One way to do this is to use the Pomodoro Technique of time management. This is where you set aside time to study, which is broken down into 25-minute stretches of focused study. After the 25 minutes, you take a 5-minute break and then continue studying for another 25 minutes.

Once you hit 4 study sets in a row, you take a longer 15-30 minute break.

Remember To Prioritize

As a college student, neglecting your well-being is easy to do with so much on your plate. You prioritize your school work, extracurricular activities, work outside school, and social life, leaving the health of your body and mind behind.

Studies have proven a healthy diet and daily exercise are critical for well-being. Greater well-being improves your performance at college, eases stress, and boosts self-confidence.

Here are a few ways to practice healthy living while you navigate everyday challenges.

Eat Right

We discussed this in one of the tips above, but it’s crucial to prioritize. Eating right and drinking plenty of water (around 3-4 liters depending on the person) allows you to live a more productive and healthy life as a college student. The food you eat is proven to impact your brain’s ability to function and retain information.

Do your best to follow the guidelines for a balanced diet, choosing from diverse food groups to ensure your body gets the nutrients it needs.

According to the World Health Organization, a healthy diet includes:

  • Fruits, vegetables, legumes (beans), nuts, and whole grains

  • 5 portions of fruits and vegetables per day

  • Less than 10% of your total food intake contains sugar

  • Less than 30% of your food intake contains fats

  • Less than 5 grams of salt per day

Move Your Body

Exercise is one of the best things for self-care. It improves mental and emotional health by stimulating brain chemicals to help you feel happy and relaxed and promote better sleep.

The Mayo Clinic suggests you get at least 30 minutes of moderate exercise each day. You should also limit the amount of time you spend sitting. While studying, try to get up after each hour and walk around for about 5 minutes.

Get Quality Sleep

Your mind and body alike need consistent, quality sleep to keep you at your best. Just 1 or 2 nights of bad sleep can lead to irritability, fatigue, and decreased motivation—3 things not conducive to your academic or social life.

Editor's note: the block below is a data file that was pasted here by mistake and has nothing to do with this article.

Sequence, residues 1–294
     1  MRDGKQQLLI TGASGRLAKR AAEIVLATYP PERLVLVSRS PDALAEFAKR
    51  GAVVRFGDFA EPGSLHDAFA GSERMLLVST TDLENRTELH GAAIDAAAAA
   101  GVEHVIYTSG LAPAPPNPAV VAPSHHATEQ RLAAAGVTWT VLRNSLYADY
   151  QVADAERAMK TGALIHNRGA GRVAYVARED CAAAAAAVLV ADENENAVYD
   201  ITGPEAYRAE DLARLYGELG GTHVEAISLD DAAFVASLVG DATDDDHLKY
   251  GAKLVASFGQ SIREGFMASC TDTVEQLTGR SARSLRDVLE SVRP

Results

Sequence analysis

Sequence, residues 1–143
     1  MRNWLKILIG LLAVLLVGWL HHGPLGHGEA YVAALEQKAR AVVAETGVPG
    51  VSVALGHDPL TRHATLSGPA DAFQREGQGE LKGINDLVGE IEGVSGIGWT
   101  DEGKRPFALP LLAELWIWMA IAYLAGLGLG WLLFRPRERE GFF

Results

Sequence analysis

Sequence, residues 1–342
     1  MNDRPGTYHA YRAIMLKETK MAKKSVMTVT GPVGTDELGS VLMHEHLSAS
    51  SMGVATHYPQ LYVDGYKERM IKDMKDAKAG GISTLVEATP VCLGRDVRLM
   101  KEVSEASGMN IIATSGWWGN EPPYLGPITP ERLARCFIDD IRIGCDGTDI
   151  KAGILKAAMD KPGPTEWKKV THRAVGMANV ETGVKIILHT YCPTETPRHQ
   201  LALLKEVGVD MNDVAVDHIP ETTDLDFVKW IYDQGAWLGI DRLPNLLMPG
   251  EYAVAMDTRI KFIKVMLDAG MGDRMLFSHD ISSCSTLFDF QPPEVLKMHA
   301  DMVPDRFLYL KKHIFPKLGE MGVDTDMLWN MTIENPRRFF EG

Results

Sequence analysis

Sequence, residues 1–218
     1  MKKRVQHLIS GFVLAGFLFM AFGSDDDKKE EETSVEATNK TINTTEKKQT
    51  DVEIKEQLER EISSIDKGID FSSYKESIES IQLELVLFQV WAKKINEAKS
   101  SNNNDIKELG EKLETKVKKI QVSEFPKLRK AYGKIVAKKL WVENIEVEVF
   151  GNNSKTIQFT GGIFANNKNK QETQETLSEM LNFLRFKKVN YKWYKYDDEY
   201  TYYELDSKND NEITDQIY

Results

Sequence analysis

When you eat right and exercise, you improve your sleep dramatically. If you’re still having problems sleeping, try to work on your sleep hygiene.

Good sleep hygiene means you:

  • Go to bed and wake up around the same time each day

  • Don’t look at electronic devices an hour before bed

  • Have a dark, quiet, and cool room to sleep in

  • Avoid big meals and caffeine in the evening

Manage Stress

College can be a stressful time for many students. Use relaxation techniques such as breathing exercises, set goals to help with time management and procrastination, and do something to make yourself laugh (it helps reduce tension).

Take Some Time for Yourself

Even if you enjoy being social, everyone needs the opportunity to recharge with some solo time. Don’t feel pressured to always say “yes” to campus activities and social events. It’s ok to prioritize your needs and say “no” when you need a break.

College life is all about balance. Set time aside for studying, but also remember to set time aside for fun and physical activity. When you take care of yourself in the ways your body needs, you will feel more at ease. With this feeling of calm comes clarity of mind, which helps you focus on your studies and breeze through your finals.

How To Get Started

Remember, it’s not a good idea to run a marathon without training. A semester final in college is definitely a marathon when you think about it—you learn all this information and then show you know it on one test.

If you really want to commit the information to your long-term memory, you have to practice. To practice the right way, you need to break up your studying into chunks throughout the semester. Of course, it’s hard to put the time aside each day to study, but the results will be well worth it.

Mark Twain is credited with saying, “If the first thing you do each morning is to eat a live frog, you can go through the day with the satisfaction of knowing that that is probably the worst thing that is going to happen to you all day long.”

Keep this adage in mind when you study for final exams. If you study first thing in the morning, then you’ll be done for the rest of the day. You will be prepared for your final exam and have the time to enjoy your life.